If you’re planning on fully following the itinerary above and/or exploring the greater Santa Barbara area, I highly recommend traveling by car (either rideshare or your own vehicle) since some spots simply aren’t accessible by any other mode of transportation.

It’s easy to get a rideshare in Downtown Santa Barbara and the immediate surrounding area, so this is a great option if you don’t have your own car.

While parking in the downtown area can get a bit more hectic in the summer and on weekends, there are plenty of parking lots available (this real-time parking lot availability map is helpful), as well as street parking.

You’ll still be able to get around on foot quite a lot, so you won’t need to re-park too many times during your visit. 

Getting to Santa Barbara from Los Angeles

From Los Angeles, there are two primary ways to get to Santa Barbara – here’s what you need to know about each option. 

By Car

For most people driving to Santa Barbara from Los Angeles, the quickest and most straightforward route is via the 101 – it takes you right into Downtown Santa Barbara.

If you’re coming from Downtown LA, hop right on the 101 North, and the drive should be about an hour and 45 minutes (depending on traffic, of course!).

If you’re coming from the Westside (Santa Monica, Culver City, Beverly Hills, etc.), take the 405 North and connect to the 101 North and you’ll be on your way. The drive should take around an hour and 40 minutes.

By Public Transit

Alternatively, you can take the train up to Santa Barbara via Amtrak. There are a variety of stations in LA county, primarily in The Valley.

Union Station (in Downtown LA) is the furthest south in the county, and there are also stations in Glendale, Burbank, Van Nuys, Chatsworth, Simi Valley, and Moorpark.

The Santa Barbara Amtrak Station is conveniently located in Downtown Santa Barbara.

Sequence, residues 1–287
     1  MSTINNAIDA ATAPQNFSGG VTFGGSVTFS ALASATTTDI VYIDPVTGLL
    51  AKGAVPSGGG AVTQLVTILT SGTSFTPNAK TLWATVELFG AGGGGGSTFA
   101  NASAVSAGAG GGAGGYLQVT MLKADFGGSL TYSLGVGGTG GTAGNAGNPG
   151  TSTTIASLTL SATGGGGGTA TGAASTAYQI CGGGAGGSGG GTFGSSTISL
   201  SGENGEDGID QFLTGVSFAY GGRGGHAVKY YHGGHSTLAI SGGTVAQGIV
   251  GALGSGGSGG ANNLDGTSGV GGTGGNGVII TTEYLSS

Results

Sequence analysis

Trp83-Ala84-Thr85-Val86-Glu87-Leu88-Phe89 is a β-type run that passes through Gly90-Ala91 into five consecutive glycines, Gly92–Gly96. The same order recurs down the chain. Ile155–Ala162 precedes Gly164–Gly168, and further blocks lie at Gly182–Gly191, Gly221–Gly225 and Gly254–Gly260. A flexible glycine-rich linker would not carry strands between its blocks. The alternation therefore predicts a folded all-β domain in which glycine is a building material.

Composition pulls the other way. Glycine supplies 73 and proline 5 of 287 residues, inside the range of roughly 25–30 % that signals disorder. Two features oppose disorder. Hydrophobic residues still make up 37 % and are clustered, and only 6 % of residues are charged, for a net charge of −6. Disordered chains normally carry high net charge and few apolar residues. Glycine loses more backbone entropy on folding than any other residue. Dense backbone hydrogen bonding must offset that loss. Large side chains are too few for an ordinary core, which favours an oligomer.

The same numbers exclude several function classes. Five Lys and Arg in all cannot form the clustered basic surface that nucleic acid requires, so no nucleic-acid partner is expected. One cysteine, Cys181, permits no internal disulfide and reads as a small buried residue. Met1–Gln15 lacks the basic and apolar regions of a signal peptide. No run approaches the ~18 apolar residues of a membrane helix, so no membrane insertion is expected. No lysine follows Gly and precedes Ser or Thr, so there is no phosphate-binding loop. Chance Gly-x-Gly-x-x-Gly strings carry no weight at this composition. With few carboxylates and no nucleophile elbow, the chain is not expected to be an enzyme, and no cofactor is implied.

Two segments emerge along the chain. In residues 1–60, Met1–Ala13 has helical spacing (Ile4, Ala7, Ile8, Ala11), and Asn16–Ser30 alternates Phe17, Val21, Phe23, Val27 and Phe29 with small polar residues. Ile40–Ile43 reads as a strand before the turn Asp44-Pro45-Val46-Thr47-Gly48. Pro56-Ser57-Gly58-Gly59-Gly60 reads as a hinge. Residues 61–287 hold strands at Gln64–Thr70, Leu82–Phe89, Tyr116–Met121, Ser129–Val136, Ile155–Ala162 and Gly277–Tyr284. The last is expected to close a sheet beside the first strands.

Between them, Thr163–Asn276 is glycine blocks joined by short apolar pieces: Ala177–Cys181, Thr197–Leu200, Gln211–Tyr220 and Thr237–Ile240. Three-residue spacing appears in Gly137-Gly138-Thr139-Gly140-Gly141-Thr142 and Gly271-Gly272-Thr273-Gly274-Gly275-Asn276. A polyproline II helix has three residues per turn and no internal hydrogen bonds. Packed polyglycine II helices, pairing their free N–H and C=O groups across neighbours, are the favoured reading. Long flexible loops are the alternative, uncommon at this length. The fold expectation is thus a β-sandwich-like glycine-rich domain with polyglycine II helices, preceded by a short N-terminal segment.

From Union Station, the ride will take about two and a half hours.

You can find the most up-to-date schedule and buy tickets on the Amtrak website. One-way tickets fall in the $20 to $40 range, depending on the station you’re departing from and the seat you select. 

Of course, you’ll need to be mindful of the last departure of the day.

Currently, the final train departs from Santa Barbara at 7:04 pm (but Amtrak schedules change – check the website for the most current information!). With that in mind, if you’re planning on staying later, the train might not be the best option for you.

Keep in mind that, if you don’t have a car, you’ll need to rely on other modes of transportation (besides walking or biking) to get to some of the spots in the itinerary below. We’ll go into more detail about how to get around Santa Barbara at the end of this guide. 

When to Visit Santa Barbara

Short answer: whenever! There really isn’t a bad time to visit Santa Barbara.

Even in the winter, the temperature rarely drops below the 60s during the daytime, and the average temperature in the summer is warm but not uncomfortably hot (mid to high 70s).

If you want to hit that sweet spot when the weather is warmer but the city is less crowded, try visiting Santa Barbara between September and November or March through May.